Wednesday, November 05, 2008

Roller coaster ride

I am so upset that bigotry was made constitutional in California. My much beloved Kirsten has expressed the argument against this hateful proposition so eloquently that I'll let her words stand for my own. Just let me get this on the record: if you voted in favor of this proposition or any other banning gay marriage, it is my sincerest wish that you are forever prevented from being with the one you love. Since you think it's fair for you to cast judgment and place limits upon someone else's relationship, I get to do so, too, right? Also, to the people of Arkansas who passed an initiative making unmarried couples unable to adopt children, you have convinced me to never go to your state for any reason if this law goes into effect.

Tuesdays are my long workdays. They start at 8am and end at 10pm. Greg and I arrived at our polling place about 15 minutes before it opened, so we could vote before I had to go to work. Because of the hectic nature of my Tuesdays, I couldn't keep up very easily with the election coverage and as I went into my night-time astronomy lecture the results of the election were just starting to come in. My students were nervous and excited, hoping for change and for tolerance. Around 8 pm, I could see all of my students get distracted as their phones started buzzing with the news that the presidential election had been called. I even picked up my phone and had students say hello to Kirsten who was at an election party. I let class out soon afterward. The students went out into the night overall pleased with the new president-elect and they wanted to see the results of the ballot propositions. As I could tell from discussions I heard today, the students have been on the same roller coaster ride as I've been on, as so many of my friends have been on. How can an election make us so happy and so sad at the same time?

One more comment about the election: the youngsters were really interested this time around. This is the third presidential election while I've been a full-time college instructor and I had never seen this level of interest or inspiration. For example, one of my students has been absent for the past two and a half weeks. Why? He's been in Nevada, on the ground for the Obama campaign. He'd been just spending weekends there, but wanted to give his all to get his candidate elected. And last night we saw the results of his youthful enthusiasm. Even in the bitter news of the propositions, the light of youth shines in the demographic breakdown of the vote. The change we sought last night is not complete, but rather has only just begun.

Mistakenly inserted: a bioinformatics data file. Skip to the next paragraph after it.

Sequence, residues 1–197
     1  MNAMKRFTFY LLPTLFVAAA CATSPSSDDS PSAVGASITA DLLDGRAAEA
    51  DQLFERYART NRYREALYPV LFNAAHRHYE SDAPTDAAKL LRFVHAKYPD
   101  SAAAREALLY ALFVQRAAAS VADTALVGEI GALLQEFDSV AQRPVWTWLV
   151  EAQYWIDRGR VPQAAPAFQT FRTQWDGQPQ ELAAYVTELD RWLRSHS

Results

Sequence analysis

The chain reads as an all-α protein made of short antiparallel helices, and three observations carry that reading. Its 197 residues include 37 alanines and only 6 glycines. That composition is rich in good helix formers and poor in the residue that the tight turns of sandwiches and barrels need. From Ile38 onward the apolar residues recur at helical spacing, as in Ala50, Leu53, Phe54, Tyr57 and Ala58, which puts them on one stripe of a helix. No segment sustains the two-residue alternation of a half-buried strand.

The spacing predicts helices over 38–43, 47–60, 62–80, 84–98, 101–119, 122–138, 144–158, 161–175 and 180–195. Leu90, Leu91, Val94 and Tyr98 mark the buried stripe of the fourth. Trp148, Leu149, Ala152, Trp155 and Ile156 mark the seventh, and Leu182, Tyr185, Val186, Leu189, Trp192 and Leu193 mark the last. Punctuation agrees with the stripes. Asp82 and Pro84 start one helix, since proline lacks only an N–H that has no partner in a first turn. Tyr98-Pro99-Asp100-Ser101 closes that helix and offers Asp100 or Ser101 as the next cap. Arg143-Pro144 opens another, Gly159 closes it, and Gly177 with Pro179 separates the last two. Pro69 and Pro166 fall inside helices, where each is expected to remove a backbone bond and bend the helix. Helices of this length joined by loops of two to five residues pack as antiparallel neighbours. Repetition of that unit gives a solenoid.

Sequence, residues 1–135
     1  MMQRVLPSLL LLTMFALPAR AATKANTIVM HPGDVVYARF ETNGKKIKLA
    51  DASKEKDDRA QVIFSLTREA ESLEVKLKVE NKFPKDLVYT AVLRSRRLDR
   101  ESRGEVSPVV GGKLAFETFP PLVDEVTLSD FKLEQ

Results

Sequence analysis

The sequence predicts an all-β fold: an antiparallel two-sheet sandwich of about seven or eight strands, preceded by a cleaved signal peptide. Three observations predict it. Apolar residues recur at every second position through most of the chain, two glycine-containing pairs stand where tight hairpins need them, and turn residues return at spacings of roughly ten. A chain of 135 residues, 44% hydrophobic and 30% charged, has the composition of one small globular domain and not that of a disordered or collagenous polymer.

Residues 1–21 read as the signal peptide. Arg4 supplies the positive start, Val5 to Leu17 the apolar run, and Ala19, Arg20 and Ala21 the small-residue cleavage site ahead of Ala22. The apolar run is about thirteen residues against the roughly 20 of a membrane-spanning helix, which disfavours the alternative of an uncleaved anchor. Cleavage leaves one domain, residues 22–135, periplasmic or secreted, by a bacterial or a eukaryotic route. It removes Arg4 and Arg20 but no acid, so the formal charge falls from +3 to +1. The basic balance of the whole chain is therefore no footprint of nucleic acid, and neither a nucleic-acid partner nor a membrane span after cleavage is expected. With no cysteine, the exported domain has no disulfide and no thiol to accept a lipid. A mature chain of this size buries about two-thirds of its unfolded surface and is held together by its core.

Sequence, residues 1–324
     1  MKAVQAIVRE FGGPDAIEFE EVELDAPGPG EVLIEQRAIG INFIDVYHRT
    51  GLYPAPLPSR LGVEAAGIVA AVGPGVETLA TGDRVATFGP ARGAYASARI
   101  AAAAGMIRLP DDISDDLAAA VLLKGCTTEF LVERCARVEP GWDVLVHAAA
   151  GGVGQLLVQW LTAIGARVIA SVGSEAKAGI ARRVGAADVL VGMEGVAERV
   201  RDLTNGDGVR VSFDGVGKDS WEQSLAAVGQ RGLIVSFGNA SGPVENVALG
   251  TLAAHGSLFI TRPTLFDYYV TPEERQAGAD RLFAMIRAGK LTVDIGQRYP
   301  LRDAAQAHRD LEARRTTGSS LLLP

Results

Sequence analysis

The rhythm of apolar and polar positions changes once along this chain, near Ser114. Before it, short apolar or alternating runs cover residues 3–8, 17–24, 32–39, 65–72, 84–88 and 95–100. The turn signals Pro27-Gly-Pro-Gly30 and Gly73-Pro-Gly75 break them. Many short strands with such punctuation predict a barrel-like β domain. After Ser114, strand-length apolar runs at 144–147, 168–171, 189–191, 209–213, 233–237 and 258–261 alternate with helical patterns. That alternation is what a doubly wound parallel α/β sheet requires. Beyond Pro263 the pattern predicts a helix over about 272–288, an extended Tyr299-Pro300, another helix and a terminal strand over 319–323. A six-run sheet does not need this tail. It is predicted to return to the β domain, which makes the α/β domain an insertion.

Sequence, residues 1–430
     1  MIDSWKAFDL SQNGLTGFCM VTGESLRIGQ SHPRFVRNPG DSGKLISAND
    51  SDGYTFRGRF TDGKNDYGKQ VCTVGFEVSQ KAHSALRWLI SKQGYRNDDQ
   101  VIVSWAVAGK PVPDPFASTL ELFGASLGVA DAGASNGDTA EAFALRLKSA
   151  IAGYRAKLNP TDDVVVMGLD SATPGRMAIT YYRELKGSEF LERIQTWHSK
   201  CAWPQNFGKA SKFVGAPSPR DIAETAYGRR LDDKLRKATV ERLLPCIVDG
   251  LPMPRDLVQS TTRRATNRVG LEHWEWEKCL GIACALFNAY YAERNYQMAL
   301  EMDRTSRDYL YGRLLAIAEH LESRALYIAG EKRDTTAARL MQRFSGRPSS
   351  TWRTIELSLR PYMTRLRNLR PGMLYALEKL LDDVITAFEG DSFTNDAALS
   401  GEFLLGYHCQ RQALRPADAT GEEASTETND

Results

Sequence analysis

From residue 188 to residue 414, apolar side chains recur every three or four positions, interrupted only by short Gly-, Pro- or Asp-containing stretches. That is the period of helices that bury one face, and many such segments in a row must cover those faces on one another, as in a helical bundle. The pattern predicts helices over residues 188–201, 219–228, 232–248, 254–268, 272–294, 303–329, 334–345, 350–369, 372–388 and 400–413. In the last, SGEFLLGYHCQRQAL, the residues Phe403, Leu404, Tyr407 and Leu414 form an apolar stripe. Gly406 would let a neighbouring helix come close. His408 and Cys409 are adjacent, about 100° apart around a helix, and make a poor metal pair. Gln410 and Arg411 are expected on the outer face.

Sarah Prineas said...

Tonight the limo driver (I'm in N. Carolina) was from Ethiopia, and yesterday was his first time voting in a US election. We bonded over our elation at the election result.

I heard a comment today on CNN or someplace from some idiot in Arkansas, "Kids need parents with a mother and a father." And I wanted to ask her how many families actually meet that definition? Are they going to take away the right of unmarried women to keep their own children next? I mean, what reality, exactly, are they living in? God, it makes me furious. Also I have a lesbian friend and she and her partner were prevented from adopting three siblings who had been abandoned by their mother. They spent six months parenting these children and in the end a judge took them away. Because they are gay. So these kids are denied a stable, loving home because of this kind of bigotry.

Oh well, you got me started.

Is it true that 8 isn't called yet because of the absentee ballots? I hope there's still a possibility it will go down.

Dr. Lisa said...

Although there are still ballots to be counted, it seems like only the "No on 8" people are holding out hope. It is statistically possible for it to fail, but not likely. Lawsuits are already being filed against the proposition.

I saw a study last year that said it was having two parents, not necessarily having a mother and a father, that is best for a child. As there are now a statistically significant number of gay couples with kids, the data is intriguing. However, the people who would vote "in the best interest of the children" wouldn't care about the science anyways.

I'm so glad you got to share some elation with your cab driver. That must have been wonderful!